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The four dimensions of effective mobile health: People, places, payment, and purpose

The promise of mobile health (mHealth), the use of mobile devices to support the practice of medicine and public health, is profound but as yet, unrealized. Mobile transformation of the health care industry depends on factors such as user-friendly devices, reliable and affordable connectivity, increasing consumer demand, and business analytics.

In the near future, mHealth is expected to be a valuable partner in health care’s shift towards a patient-centered, value-based delivery model. mHealth strategies, however, are not “one-size-fits-all.” To leverage mHealth technologies’ full potential as a health care disruptor, health care organizations will likely need to consider four dimensions.

  • Demographics: The demographics and technology preferences of consumers and health professionals may be among the first considerations when planning a mHealth program so that technology platforms can be strategically tailored to users.
  • Reimbursement and policy framework: Early mHealth models were primarily unsuccessful due to reimbursement issues rather than technological ones.1 Value-based reforms that bundle payment with quality outcomes based on evidence-based standards could help advance the business case for mHealth. Additionally, organizations’ risk management policies should address privacy and security, Health Insurance Portability and Accountability Act (HIPAA) regulations, and consumer concerns regarding the safety of patient information.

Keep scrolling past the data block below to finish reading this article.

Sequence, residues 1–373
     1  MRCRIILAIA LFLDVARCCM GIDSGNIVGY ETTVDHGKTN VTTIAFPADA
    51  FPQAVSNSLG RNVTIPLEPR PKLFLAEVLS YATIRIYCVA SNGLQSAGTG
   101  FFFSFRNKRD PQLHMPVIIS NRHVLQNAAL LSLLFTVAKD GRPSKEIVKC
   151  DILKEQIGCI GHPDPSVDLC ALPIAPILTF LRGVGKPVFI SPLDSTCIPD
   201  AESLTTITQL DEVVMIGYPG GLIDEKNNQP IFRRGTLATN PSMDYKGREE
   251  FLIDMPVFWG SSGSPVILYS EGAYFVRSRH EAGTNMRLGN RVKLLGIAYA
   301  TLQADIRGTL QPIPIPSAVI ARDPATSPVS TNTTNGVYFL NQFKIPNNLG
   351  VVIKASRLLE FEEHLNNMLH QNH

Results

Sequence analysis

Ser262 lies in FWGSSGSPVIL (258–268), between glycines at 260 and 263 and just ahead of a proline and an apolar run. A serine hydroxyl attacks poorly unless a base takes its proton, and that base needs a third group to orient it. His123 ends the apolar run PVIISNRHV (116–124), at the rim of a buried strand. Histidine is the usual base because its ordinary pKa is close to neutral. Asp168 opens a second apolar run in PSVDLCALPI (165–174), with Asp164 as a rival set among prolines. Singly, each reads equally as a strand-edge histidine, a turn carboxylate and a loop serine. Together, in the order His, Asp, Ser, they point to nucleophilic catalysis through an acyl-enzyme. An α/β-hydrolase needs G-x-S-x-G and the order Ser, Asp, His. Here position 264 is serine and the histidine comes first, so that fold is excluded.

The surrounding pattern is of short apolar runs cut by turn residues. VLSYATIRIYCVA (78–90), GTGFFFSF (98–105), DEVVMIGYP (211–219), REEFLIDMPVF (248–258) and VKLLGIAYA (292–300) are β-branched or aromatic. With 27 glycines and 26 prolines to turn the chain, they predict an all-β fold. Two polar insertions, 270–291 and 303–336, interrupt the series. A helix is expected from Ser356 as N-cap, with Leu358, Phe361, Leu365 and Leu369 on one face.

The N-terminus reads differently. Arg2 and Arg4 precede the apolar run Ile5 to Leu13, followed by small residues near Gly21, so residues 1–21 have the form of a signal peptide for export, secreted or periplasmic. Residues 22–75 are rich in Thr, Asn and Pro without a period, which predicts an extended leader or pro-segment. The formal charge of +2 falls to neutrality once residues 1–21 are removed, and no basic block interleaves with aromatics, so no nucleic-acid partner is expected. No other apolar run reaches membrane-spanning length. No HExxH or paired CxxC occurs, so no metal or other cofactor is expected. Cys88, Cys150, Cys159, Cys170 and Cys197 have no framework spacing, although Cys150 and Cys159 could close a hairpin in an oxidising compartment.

• Local infrastructure: The availability, accessibility, and reliability of local networks – cellular, broadband, and wireless – impact when and how mHealth is used. As download speeds and bandwidth capacity increase, mHealth programs could leverage more advanced mobile functions. In addition, health care systems’ current readiness to manage and respond to incoming clinical data may hinder mHealth’s potential.
  • Disease dynamics: mHealth strategies that align with case management complexities and clinical objectives, as determined by differing disease states, are more likely to be effective.

Many health care stakeholders’ forward-looking plans are likely to include an integrated, enterprise-wide mobile strategy. As organizations face new business models and increasingly need to maximize resources, a program that leverages the four dimensions of mHealth has the potential to improve workplace efficiencies, increase patient safety, better coordinate care, facilitate payments, and engage patients.

Source: 1 Ann Intern Med.1998;129(2):123-127. doi:10.7326/0003-4819-129-2-199807150-00012.


Author bio

As director of the Deloitte Center for Health Solutions, Dr. Greenspun serves health care, life sciences, and government clients on key innovation and clinical transformation issues. He has been named one of the “50 Most Influential Physician Executives in Healthcare” by Modern Healthcare, co-authored the book “Reengineering Healthcare,” and has served on advisory boards for the World Economic Forum, WellPoint, HIMSS, Georgetown University. Prior to joining Deloitte, he served as the Chief Medical Officer for Dell.